Molybdenum evidence for expansive sulfidic water masses in ~750Ma oceans

Tais W. Dahl, Donald E. Canfield, Minik T. Rosing, Robert E. Frei, Gwyneth Gordon, Andrew H. Knoll, Ariel Anbar

Research output: Contribution to journalArticle

66 Citations (Scopus)

Abstract

The Ediacaran appearance of large animals, including motile bilaterians, is commonly hypothesized to reflect a physiologically enabling increase in atmospheric and oceanic oxygen abundances (pO2). To date, direct evidence for low oxygen in pre-Ediacaran oceans has focused on chemical signatures in the rock record that reflect conditions in local basins, but this approach is both biased to constrain only shallower basins and statistically limited when we seek to follow the evolution of mean ocean chemical state through time. Because the abundance and isotopic composition of molybdenum (Mo) in organic-rich euxinic sediments can vary in response to changes in global redox conditions, Mo geochemistry provides independent constraints on the global evolution of well-oxygenated environments. Here, we establish a theoretical framework to access global marine Mo cycle in the past from the abundance and isotope composition of ancient seawater. Further, we investigate the ~750Ma Walcott Member of the Chuar Group, Grand Canyon, which accumulated in a rift basin with open connection to the ocean. Iron speciation data from upper Walcott shales indicate that local bottom waters were anoxic and sulfidic, consistent with their high organic content (up to 20wt.%). Similar facies in Phanerozoic successions contain high concentrations of redox-sensitive metals, but in the Walcott Member, abundances of Mo and U, as well as Mo/TOC (~0.5ppm/wt.%) are low δ98Mo values also fall well below modern equivalents (0.99±0.13‰ versus ~2.35‰ today). These signatures are consistent with model predictions where sulfidic waters cover ~1-4% of the global continental shelf area, corresponding to a ~400-800 fold increase compared to the modern ocean. Therefore, our results suggest globally expansive sulfidic water masses in mid-Neoproterozoic oceans, bridging a nearly 700million-year gap in previous Mo data. We propose that anoxic and sulfidic (euxinic) conditions governed Mo cycling in the oceans even as ferruginous subsurface waters re-appeared 800-750Ma, and we interpret this anoxic ocean state to reflect a markedly lower atmospheric and oceanic O2 level, consistent with the hypothesis that pO2 acted as an evolutionary barrier to the emergence of large motile bilaterian animals prior to the Ediacaran Period.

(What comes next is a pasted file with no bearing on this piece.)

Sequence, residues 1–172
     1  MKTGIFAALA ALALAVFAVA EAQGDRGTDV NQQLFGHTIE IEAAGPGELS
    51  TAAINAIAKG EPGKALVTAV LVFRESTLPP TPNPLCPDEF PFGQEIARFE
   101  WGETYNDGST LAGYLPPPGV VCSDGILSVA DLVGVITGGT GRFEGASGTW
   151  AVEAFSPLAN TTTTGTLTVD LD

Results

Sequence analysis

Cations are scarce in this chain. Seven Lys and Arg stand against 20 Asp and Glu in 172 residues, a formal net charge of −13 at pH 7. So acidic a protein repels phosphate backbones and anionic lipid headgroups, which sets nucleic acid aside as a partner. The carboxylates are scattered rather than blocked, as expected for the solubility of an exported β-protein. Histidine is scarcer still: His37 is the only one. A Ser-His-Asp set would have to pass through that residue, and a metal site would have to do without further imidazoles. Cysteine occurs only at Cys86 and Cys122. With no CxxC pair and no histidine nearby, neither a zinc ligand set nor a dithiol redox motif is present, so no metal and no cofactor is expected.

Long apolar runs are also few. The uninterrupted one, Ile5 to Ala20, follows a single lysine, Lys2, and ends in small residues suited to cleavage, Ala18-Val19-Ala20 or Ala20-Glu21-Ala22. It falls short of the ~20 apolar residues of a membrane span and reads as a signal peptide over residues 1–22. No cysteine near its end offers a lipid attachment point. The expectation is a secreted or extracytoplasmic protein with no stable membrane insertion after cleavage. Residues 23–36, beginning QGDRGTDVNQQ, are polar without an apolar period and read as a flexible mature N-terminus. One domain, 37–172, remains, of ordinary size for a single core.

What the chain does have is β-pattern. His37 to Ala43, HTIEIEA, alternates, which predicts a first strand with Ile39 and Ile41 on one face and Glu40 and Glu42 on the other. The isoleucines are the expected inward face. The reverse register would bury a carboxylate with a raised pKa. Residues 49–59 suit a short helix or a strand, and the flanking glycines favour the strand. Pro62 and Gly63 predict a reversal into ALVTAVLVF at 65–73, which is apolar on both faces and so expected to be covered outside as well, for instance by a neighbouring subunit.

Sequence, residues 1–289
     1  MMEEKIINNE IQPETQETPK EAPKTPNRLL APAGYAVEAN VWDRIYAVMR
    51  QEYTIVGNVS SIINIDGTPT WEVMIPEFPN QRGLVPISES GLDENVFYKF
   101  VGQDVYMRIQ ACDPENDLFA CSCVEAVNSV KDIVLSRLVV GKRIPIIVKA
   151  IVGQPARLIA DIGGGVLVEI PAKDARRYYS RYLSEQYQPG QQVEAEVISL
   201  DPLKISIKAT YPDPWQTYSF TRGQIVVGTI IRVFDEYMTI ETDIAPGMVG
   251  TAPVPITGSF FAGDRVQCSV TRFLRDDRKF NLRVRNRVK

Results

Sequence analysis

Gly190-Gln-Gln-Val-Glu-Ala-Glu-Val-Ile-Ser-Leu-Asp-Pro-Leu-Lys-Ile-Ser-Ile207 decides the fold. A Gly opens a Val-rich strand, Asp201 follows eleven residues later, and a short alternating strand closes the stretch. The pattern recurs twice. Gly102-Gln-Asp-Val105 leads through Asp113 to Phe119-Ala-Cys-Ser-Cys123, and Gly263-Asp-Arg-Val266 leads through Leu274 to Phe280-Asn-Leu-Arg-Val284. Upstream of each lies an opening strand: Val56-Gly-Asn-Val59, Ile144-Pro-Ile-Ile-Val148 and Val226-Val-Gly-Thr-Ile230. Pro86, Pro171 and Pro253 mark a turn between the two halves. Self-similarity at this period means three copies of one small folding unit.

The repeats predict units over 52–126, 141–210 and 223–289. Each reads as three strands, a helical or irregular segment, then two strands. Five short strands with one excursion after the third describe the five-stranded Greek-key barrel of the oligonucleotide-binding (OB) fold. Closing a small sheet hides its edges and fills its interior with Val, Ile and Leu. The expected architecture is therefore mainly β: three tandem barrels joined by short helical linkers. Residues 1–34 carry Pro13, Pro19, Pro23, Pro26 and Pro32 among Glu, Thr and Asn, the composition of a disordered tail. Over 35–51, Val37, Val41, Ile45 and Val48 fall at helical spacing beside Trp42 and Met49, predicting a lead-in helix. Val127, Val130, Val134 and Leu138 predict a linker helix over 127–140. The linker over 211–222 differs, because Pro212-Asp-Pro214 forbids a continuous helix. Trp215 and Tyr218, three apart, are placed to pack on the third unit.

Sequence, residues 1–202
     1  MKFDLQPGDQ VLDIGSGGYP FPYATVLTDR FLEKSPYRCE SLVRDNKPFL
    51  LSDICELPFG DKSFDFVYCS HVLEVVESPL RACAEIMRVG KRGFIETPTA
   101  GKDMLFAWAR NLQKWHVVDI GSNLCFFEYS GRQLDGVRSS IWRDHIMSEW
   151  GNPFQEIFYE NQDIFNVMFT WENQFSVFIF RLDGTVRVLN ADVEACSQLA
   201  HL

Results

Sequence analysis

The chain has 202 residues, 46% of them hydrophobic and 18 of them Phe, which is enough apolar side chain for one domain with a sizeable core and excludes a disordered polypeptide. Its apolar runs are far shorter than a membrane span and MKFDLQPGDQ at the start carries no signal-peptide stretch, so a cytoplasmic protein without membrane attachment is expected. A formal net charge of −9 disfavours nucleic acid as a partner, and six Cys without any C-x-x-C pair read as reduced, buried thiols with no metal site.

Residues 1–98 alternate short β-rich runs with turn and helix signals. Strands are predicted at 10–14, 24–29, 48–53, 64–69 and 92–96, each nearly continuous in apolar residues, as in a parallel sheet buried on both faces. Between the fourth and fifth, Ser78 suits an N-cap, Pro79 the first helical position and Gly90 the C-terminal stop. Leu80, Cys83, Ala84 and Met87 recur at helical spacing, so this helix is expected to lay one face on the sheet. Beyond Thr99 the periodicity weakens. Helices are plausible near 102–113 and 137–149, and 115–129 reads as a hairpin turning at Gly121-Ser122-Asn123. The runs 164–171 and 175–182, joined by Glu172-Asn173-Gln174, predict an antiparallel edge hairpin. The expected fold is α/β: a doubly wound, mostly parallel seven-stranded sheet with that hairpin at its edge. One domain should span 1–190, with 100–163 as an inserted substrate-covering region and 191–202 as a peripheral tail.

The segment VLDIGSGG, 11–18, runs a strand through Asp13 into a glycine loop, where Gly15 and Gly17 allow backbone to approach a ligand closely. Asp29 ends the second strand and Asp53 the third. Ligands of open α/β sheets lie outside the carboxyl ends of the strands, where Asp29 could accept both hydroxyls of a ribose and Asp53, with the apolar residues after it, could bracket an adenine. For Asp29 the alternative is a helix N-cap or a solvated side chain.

Original languageEnglish (US)
Pages (from-to)264-274
Number of pages11
JournalEarth and Planetary Science Letters
Volume311
Issue number3-4
DOIs
StatePublished - Nov 15 2011

Fingerprint

Molybdenum
molybdenum
water mass
oceans
Water
ocean
Ediacaran
water
animals
Grand Canyon (AZ)
Animals
signatures
basin
Oxygen
oxygen
cycles
shales
Geochemistry
animal
redox conditions

Keywords

  • Anoxic environments
  • Chuar Group
  • Earth history
  • Mo isotopes
  • Neoproterozoic
  • Paleoredox

ASJC Scopus subject areas

  • Geochemistry and Petrology
  • Geophysics
  • Earth and Planetary Sciences (miscellaneous)
  • Space and Planetary Science

Cite this

Molybdenum evidence for expansive sulfidic water masses in ~750Ma oceans. / Dahl, Tais W.; Canfield, Donald E.; Rosing, Minik T.; Frei, Robert E.; Gordon, Gwyneth; Knoll, Andrew H.; Anbar, Ariel.

In: Earth and Planetary Science Letters, Vol. 311, No. 3-4, 15.11.2011, p. 264-274.

Research output: Contribution to journalArticle

Dahl, Tais W. ; Canfield, Donald E. ; Rosing, Minik T. ; Frei, Robert E. ; Gordon, Gwyneth ; Knoll, Andrew H. ; Anbar, Ariel. / Molybdenum evidence for expansive sulfidic water masses in ~750Ma oceans. In: Earth and Planetary Science Letters. 2011 ; Vol. 311, No. 3-4. pp. 264-274.
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